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News :: Labor
NYC Black Transit Worker Hounded to Death by Cops, Company, Courts - Darryl Goodwin: We Will Not Forget
30 Aug 2017
https://archive.is/8vxZk

Workers Vanguard No. 1116 25 August 2017

NYC Transit Worker Hounded to Death by Cops, Company, Courts

Darryl Goodwin: We Will Not Forget

NEW YORK—After working 27 years in station booths across the city’s sprawling subway system, 54-year-old Darryl Goodwin was looking forward to retirement later this year. According to fellow station agents, he was a respected and popular “gentle giant” who helped “break in” and train scores of new hires. “I’ll show you the company way and I’ll show you my way,” Goodwin told them, “then you decide.” Every day, he went face to face with surly customers, cruel supervisors, cops and criminals, achieving the near impossible: a spotless work record. But in the end, Darryl Goodwin was hounded to death by the racist NYPD, the ruthless New York City Transit (NYCT) bosses and the capitalist courts. Stressed to his limits, aggravated by high blood pressure and other health issues, Goodwin died alone in his apartment on August 11. Ten days later, some 200 transit workers, family and friends turned out to his funeral to honor him.

When Goodwin’s co-workers and friends learned of his sudden death, their deep sadness quickly mixed with anger. Goodwin’s untimely death could only be explained by what he was forced to endure after the cops arrested him on May 16 and threw him in jail overnight. He was hit with frame-up charges and then suspended without pay by the NYCT bosses, and not reinstated until late June. The NYPD launched its vendetta because Goodwin, who was working in a booth in the bustling Columbus Circle station, did not open a subway gate fast enough for cops who were chasing an alleged shoplifter.

In fact, Goodwin was following company procedure, and opened the gate as soon as he verified who wanted access. The cops charged him anyway with obstructing government administration, resisting arrest and causing injury to a police officer (who ridiculously claimed he was cut by Goodwin’s employee badge). As the Partisan Defense Committee wrote in a July 22 protest letter to the District Attorney: “Pursuing these bogus charges is clearly a vendetta against a black transit worker who was not sufficiently servile as far as the police were concerned.”

One day before Goodwin’s death, around 50 members of Transport Workers Union (TWU) Local 100 and other supporters at a Manhattan courtroom hearing for this case stood up in unison when Goodwin’s name was called. They were sending a clear message to the judge that Goodwin did not stand alone, that he was innocent, and that all the charges against him should be dropped. This act of solidarity was a repeat of what happened at his first court hearing on June 29 (see “Drop All Charges Against Darryl Goodwin! NYPD Targets Transit Worker,” WV No. 1115, 28 July). But this time Goodwin was too ill to make it to the courthouse. The turnout showed not only that Goodwin was a beloved co-worker, but also that his persecution struck a chord among many transit workers, who are all too familiar from personal experience with the NYPD’s arrogance and brutality.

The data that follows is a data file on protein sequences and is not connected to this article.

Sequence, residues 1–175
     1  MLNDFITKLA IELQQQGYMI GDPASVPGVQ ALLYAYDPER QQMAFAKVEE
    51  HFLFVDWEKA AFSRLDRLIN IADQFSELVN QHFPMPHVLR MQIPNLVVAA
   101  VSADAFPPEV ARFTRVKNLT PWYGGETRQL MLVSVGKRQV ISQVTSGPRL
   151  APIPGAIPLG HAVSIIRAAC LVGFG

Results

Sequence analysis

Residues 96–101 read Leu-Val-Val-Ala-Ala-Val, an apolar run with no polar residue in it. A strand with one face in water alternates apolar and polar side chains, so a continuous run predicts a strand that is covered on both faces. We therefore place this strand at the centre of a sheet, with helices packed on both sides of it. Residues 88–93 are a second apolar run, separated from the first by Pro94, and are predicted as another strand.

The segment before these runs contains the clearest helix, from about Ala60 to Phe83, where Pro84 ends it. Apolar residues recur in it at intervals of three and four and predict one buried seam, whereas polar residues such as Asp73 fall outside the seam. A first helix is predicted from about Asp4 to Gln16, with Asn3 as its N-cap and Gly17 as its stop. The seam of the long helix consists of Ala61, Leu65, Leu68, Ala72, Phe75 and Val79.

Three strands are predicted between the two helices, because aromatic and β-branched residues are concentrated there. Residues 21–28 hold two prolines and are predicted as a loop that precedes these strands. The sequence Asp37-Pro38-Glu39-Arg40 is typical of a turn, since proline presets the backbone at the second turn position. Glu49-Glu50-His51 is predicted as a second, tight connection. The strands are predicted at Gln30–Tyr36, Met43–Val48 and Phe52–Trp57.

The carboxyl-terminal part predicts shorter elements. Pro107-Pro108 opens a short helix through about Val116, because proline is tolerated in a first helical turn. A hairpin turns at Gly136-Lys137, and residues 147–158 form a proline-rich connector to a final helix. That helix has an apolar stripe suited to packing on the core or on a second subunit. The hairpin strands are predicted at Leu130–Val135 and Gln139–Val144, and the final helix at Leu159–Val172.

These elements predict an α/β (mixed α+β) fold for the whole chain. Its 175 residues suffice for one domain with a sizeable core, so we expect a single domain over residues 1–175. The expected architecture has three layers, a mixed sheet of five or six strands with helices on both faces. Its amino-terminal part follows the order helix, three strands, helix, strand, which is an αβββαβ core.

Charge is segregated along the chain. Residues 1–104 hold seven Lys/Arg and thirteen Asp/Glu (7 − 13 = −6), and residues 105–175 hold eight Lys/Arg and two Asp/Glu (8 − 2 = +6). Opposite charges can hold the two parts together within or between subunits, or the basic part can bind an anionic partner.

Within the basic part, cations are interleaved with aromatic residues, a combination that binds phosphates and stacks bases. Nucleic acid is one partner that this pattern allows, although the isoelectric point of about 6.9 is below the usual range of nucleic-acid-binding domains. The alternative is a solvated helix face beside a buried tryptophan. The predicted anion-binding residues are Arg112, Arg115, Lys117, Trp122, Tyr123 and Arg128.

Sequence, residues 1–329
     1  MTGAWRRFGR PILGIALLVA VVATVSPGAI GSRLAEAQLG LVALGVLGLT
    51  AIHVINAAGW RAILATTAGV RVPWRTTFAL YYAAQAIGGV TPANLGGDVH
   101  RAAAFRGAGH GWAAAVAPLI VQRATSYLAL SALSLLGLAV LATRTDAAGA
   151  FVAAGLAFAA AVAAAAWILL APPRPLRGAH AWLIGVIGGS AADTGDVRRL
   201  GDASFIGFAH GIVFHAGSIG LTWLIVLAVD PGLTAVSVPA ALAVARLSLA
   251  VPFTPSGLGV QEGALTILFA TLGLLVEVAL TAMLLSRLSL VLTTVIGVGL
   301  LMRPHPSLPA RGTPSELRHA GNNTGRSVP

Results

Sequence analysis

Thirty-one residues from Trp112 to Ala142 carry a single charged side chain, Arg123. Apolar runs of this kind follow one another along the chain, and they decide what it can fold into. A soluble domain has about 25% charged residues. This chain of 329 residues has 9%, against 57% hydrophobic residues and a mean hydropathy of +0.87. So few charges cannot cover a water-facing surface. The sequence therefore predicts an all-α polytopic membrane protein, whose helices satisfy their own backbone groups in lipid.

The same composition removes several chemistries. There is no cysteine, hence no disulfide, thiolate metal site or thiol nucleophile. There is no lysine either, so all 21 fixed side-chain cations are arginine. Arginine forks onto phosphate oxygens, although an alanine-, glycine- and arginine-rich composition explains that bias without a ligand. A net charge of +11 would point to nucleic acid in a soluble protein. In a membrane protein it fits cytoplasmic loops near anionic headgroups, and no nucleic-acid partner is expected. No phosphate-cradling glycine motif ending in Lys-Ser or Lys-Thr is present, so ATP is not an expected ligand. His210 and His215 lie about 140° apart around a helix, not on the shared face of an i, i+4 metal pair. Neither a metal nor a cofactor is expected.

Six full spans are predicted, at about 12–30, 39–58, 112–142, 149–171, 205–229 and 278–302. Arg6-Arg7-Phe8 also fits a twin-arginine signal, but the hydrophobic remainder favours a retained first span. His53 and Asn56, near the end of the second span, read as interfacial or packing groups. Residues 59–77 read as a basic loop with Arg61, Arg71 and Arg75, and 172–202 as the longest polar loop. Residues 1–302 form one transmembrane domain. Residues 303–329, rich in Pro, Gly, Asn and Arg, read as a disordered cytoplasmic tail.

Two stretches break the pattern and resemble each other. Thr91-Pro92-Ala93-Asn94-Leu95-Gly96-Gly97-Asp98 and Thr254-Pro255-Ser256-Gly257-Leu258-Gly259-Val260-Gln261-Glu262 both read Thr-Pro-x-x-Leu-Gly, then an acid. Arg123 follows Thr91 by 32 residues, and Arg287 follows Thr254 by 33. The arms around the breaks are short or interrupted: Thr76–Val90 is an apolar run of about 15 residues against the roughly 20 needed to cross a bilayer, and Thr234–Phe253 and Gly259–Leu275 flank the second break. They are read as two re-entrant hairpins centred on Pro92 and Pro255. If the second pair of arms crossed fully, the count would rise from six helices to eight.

When it was announced at the June 29 court hearing that Goodwin was going back to work, his fellow workers cheered. The real story is that Goodwin, financially desperate to get back to work and afraid that the company could take away his entire pension if fired, agreed to a penalty of some 60 days without pay. This is how the transit bosses’ system of “plantation justice” works.

In an online statement mourning Goodwin’s death, the vice president of Local 100’s Stations Division, Derrick Echevarria, stated, “We believe this unwarranted arrest had an underlying affect on his demise. Darryl was stressed out and working a lot of overtime to recover the wages he lost. He should have never been arrested.” This is absolutely true. It also underscores how the NYCT bosses worked in lockstep with the NYPD to crush this black transit worker. The union statement noted that the TWU and Goodwin’s family will work to have his name cleared. We join them in demanding: Clear Darryl Goodwin’s name!

Responding to pressure from below, TWU Local 100 officials made some minimal efforts to defend Goodwin. But several workers told Workers Vanguard that they were angry that the union did not pay for his lawyer and let the company financially strangle and blackmail him. The cops went after Goodwin just for doing his job. Contrary to what Local 100 officials claim, such brutality is no aberration; it’s what the cops routinely do as the enforcers of racist capitalist rule.

We will not forget Darryl Goodwin and what the cops, the company and the courts put him through. TWU Local 100 must fight to ensure that what happened to him never happens again!

http://www.icl-fi.org/english/wv/1116/darryl_goodwin.html

This work is in the public domain
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